That said... I think they may deserve refunds, but would hate for colleges to go bankrupt. Every single part of our society is screwed up right now... We need to pause and think about how to move forward. And that pause and reflection is not happening by mid-May.

When I was confused about committing to a major... My father told me that a Bachelor's degree won't make me an expert in anything... College is like, "You are given a four year project, how well did you manage it."

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Response to targetpractice (Reply #1)

Tue May 5, 2020, 05:12 AM

2. I remember having trouble keeping a "B" in

college math classes. It was important to me.

I tried to use the textbook and some videos that were supposed to help. They were of some value. But I needed the teacher in the classroom, so I could ask questions and see him or her work the problems. Also, I did homework in the learning lab, where students could get help with difficult problem sets. I went to the test prep sessions as well. I met my goal of "B" grades. But it took a lot of work and live people!

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Response to murielm99 (Reply #2)

Tue May 5, 2020, 05:23 AM

3. You are obviously much younger than me.. Hahah...

No video during my time in college... But, I get it... I can't imagine not being able to go to a lab for chemistry or biology without one-on-one discussions with my professor. And, study groups in the library! Zoom is not the college experience.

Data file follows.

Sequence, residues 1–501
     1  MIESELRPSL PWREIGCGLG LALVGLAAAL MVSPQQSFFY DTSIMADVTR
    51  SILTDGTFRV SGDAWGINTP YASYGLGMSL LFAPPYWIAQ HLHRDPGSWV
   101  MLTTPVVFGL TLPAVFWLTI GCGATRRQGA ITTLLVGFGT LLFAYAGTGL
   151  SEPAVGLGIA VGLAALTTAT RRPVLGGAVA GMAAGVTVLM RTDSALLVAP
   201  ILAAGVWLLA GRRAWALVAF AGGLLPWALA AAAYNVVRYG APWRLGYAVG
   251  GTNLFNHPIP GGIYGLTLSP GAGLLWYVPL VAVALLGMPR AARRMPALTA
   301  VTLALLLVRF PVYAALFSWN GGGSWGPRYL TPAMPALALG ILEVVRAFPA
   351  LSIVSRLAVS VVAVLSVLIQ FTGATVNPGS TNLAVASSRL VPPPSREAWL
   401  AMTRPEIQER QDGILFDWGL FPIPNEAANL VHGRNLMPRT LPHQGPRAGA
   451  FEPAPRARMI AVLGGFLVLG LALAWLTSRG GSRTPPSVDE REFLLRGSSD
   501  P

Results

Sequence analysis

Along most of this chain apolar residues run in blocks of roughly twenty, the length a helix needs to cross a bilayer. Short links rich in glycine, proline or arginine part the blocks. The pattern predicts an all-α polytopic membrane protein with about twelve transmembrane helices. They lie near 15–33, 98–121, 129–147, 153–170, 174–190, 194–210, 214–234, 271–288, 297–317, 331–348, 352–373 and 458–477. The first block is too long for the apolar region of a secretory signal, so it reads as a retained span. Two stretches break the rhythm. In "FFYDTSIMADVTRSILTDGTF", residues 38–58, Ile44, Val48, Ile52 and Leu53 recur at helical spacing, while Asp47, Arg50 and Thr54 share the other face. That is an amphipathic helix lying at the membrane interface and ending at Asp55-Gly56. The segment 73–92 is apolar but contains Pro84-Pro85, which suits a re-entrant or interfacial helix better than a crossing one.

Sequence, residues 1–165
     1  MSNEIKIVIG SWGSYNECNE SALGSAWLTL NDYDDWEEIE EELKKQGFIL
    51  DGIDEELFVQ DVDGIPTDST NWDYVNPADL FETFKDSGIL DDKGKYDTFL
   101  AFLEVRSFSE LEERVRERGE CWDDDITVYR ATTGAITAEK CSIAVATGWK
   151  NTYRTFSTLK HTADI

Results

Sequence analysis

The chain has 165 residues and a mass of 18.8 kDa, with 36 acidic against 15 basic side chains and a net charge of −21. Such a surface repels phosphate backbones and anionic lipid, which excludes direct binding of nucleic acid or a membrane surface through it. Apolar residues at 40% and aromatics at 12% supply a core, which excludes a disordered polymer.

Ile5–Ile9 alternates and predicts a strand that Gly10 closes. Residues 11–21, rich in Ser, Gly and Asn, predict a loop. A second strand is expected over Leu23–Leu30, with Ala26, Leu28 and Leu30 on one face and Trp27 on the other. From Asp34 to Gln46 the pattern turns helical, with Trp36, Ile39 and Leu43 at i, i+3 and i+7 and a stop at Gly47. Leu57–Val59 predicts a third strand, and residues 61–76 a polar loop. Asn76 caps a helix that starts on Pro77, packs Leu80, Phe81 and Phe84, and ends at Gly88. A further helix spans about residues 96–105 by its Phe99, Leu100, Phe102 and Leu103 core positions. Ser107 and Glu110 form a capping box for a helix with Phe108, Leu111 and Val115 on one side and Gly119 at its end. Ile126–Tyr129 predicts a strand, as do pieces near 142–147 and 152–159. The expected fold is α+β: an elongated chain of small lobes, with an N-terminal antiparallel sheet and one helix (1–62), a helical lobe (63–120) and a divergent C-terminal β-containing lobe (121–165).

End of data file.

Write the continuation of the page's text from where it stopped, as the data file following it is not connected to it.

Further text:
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Response to targetpractice (Reply #3)

Fri May 8, 2020, 02:35 PM

8. We are most likely close in age.

I went back to school, grad school, when I was nearly fifty. They told me I had deficiencies in math. I had to take college math classes if I wanted a degree. That is why I had access to videos.

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Response to murielm99 (Reply #8)

Fri May 8, 2020, 11:15 PM

9. Hah... Math was my nemesis.. Especially, calculus.

Good for you!!!

I think my high school math teacher just passed me because she was gay, and she suspected I was.... The only thing I remember from calculus is, "The answer is intuitively obvious to the most casual observer." An expression I use to this day.

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Response to murielm99 (Reply #8)

Fri May 8, 2020, 11:22 PM

10. I don't understand how they teach kids math these days...